Worse still, there’s not enough honesty when things go wrong. So lessons aren’t learned. And more children are condemned to suffer from the same mistakes over and over again.
These failings have been acknowledged by review after review – by Lord Laming’s landmark reports in 2003 and 2009, by the Social Work Taskforce and now by Professor Munro’s well-received review of child protection.
Need for reform
It’s clear that improvements are needed right the way through the system – from the first contact that a family has with a social worker through to social workers presenting cases in court.
I know this all too well from my own experience of growing up with over 80 foster children – 2 of whom we adopted - and from spending the best part of a decade as a family barrister, often representing children in care.
Many of the children who came into our home had been damaged by chaotic, troubled backgrounds. Something very familiar to all of you.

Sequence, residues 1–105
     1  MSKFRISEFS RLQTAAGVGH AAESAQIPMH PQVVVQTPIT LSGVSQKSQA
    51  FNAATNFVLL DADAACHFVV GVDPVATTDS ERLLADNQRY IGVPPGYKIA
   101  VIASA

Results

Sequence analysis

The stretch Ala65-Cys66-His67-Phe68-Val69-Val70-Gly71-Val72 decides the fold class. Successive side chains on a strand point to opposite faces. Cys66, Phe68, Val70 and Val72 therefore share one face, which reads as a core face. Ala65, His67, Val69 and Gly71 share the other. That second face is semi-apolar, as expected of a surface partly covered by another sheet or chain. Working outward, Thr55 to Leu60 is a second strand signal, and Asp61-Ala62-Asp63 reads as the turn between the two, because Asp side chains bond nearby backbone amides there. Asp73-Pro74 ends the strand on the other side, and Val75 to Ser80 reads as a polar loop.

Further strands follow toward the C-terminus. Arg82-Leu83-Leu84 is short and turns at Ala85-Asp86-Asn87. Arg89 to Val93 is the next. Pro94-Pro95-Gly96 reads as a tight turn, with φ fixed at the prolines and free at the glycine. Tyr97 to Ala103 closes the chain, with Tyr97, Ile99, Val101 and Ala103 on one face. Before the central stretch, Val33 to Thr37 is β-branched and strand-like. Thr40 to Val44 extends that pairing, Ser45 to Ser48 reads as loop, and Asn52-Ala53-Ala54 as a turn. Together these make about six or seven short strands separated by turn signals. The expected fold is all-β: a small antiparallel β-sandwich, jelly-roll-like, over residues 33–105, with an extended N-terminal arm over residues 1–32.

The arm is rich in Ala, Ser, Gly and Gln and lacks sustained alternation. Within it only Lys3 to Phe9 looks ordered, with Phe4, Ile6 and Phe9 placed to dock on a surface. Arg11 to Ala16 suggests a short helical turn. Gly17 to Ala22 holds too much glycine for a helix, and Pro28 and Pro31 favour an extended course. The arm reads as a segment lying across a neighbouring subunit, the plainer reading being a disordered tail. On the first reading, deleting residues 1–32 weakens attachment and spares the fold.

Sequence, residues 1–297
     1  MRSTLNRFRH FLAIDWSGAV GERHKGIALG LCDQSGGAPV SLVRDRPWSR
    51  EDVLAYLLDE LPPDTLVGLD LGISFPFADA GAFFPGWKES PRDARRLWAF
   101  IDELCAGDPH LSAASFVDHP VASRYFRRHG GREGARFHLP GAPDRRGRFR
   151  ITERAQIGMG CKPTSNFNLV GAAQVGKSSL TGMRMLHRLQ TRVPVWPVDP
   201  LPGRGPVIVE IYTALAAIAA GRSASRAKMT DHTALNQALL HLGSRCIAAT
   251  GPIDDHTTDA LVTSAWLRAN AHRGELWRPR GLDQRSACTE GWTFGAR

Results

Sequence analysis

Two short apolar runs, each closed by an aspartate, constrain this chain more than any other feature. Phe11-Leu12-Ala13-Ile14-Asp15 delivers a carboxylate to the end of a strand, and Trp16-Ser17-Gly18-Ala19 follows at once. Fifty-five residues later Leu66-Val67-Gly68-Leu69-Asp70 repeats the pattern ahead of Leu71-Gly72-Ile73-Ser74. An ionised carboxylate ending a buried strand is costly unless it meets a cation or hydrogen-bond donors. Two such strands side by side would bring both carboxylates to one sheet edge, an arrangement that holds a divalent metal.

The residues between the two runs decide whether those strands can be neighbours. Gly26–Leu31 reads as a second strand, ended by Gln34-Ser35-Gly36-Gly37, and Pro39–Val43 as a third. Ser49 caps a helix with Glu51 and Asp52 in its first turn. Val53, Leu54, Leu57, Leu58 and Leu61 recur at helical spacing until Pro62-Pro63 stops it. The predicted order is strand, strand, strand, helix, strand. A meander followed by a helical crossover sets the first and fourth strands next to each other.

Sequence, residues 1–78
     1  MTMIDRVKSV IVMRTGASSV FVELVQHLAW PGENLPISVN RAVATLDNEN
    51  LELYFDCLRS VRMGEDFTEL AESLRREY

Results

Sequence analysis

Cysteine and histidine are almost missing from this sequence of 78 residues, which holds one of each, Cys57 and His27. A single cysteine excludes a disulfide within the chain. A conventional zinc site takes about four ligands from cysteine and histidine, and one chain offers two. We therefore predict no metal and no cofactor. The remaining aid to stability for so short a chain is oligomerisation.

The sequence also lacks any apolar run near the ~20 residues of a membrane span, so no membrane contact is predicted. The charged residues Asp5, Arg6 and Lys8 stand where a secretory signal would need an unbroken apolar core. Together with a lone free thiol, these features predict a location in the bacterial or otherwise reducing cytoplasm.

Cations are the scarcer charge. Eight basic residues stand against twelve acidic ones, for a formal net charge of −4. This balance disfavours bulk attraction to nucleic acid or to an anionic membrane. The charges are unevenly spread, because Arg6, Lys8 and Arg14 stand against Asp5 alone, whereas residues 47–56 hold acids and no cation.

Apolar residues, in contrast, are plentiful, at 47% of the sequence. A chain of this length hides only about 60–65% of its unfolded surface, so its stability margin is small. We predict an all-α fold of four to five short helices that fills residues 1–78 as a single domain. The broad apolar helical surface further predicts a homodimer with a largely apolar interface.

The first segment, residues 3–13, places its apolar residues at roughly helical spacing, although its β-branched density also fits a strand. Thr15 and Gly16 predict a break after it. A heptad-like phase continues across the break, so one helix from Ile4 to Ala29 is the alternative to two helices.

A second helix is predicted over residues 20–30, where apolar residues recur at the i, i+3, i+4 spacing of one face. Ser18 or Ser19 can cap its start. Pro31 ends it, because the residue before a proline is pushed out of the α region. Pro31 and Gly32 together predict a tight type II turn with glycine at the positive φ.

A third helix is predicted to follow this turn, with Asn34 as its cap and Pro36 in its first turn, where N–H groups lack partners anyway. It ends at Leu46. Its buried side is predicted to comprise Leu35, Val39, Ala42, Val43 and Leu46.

I’ve seen babies addicted to heroin go into spasms. And I’ve watched on as an abused and deeply angry little boy shattered every pane of glass in my dad’s prized greenhouse because he didn’t know how else to let his anger out.
But, over time, I saw that love, stability and routine helped them settle and thrive.
And it became increasingly clear to me that many could have been spared immense suffering and long-term damage if they’d got consistent and reliable help earlier – conclusions that were reinforced by my time as a barrister.
By the time a case landed on my desk, the damage had, all too often, already been done, and it was a matter of all of us trying to make the best of a bad job. It was apparent that cases were managed, all too often, for the convenience of adults rather than the interests of the child.